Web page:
Live updates: Closing arguments in Trump’s civil fraud trial in New York


12:35 p.m. ET, January 11, 2024

Judge and Trump lawyer spar over the significance of a $2 billion difference



Former President Donald Trump sits in New York State Supreme Court during his civil fraud trial on January 11, 2024 in New York City.

Michael M. Santiago/Getty Images

Judge Arthur Engoron has interrupted Trump attorney Chris Kise at several points during closing arguments Thursday.

Kise has repeatedly said the New York attorney general’s team did not rebut testimony of many key Trump defense witnesses, including two defense experts who said Mar-A-Lago was undervalued and could be used as a private residence.

Engoron stopped Kise to acknowledge while he agrees the testimony wasn’t rebutted, “I don’t believe I have to accept testimony even if its unrebutted if I don’t’ find it credible.”

The judge interrupted Trump’s lawyer again to push back on whether $2 billion was “material” or significant in this case.

Kise argued – as he did at trial — that Deutsche Bank loaned Trump millions of dollars after independently verifying Trump’s self-reported asset values. The bank adjusted his net worth by $2 billion at one point but did not find it material. It wasn’t material to the bank, so it shouldn’t be material in this case, Kise argued.

“That’s not logically correct,” the judge said.

The standard for materiality is whether it’s material to the average person, Engoron said.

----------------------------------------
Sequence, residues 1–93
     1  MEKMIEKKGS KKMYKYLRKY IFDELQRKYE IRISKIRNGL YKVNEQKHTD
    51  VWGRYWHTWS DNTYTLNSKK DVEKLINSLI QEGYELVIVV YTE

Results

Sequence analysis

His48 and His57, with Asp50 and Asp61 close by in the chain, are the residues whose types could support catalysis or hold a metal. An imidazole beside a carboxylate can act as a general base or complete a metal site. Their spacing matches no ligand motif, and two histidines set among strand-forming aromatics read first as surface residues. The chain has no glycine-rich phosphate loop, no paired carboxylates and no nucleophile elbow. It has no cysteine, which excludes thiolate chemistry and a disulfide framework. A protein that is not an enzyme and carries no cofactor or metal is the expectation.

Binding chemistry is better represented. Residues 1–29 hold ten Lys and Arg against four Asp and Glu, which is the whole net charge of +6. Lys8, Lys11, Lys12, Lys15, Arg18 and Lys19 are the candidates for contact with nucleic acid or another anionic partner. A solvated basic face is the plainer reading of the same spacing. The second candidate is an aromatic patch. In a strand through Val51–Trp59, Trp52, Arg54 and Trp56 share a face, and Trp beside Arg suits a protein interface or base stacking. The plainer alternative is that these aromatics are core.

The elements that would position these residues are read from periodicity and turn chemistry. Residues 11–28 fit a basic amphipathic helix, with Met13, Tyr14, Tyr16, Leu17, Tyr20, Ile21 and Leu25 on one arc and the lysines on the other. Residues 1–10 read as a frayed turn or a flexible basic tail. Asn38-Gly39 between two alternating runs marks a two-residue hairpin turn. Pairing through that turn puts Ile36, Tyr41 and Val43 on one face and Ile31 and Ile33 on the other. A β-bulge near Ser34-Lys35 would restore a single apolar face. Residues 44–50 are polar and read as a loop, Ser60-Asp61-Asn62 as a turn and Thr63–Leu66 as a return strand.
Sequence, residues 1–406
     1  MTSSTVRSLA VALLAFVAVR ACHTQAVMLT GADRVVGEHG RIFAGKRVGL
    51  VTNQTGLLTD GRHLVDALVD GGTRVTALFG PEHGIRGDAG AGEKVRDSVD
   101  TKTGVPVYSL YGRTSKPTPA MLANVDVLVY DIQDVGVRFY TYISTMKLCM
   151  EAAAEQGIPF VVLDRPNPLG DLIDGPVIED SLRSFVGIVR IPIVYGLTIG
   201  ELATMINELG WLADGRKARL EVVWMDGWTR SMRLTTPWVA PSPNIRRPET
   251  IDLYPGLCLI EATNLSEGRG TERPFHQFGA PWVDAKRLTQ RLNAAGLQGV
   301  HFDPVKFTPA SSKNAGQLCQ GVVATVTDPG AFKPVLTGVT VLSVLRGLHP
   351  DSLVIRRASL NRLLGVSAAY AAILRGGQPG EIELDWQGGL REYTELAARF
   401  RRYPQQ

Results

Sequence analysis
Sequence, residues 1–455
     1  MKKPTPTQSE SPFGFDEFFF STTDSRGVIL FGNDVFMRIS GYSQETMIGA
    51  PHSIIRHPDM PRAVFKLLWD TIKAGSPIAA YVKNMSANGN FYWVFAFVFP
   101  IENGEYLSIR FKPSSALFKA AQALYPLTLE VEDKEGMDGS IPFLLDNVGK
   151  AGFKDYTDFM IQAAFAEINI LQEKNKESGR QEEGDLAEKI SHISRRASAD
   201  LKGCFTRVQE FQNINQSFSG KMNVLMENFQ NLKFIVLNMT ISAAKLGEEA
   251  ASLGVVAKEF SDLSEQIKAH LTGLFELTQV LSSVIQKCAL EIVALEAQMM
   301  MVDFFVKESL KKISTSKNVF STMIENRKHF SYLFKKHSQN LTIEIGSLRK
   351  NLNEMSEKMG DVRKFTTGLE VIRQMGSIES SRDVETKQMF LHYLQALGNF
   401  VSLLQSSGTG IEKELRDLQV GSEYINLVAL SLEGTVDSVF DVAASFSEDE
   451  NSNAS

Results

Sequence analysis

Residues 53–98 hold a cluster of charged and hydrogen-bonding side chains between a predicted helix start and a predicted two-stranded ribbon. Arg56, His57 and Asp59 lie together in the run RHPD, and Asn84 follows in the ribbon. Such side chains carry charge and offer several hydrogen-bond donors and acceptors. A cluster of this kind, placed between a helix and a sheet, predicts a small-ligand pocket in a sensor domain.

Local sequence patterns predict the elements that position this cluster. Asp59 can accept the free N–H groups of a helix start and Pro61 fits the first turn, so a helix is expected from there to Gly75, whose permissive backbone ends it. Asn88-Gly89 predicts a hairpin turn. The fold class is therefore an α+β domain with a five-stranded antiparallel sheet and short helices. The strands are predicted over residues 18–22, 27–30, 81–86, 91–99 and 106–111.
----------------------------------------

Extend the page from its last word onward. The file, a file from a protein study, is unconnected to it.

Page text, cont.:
“Let me ask you this, is materiality an objective standard or a subjective standard?” Engoron asked Kise.

Kise said it was subjective and pointed to the testimony of New York University accounting professor Eli Bartov, who said that there were no material misstatements in Trump’s financial statements. 

“I didn’t lend much credence to Mr. Bartov,” Engoron responded.

“I didn’t think that was fair, as you know,” Kise said. “They were not concerned about a $2 billion differential,” Kise said of Deutsche Bank, saying the bank awarded loans to Trump based on their own adjusted values.“

This has to be viewed through the lens of the bank,” Kise said.

“Of a bank. Not the bank. We disagree,” Engoron responded. 

The debate continued over Kise’s argument against Trump being liable for disgorgement, or “ill-gotten gains” from his Deutsche Bank loan rates.

“Do you believe that for disgorgement there has to be harm to be a third party?” Engoron asked.

“There has to be trespass to their legal rights,” Kise said. “The president here in this case has to receive something from Deutsche Bank that he would not have otherwise received.”



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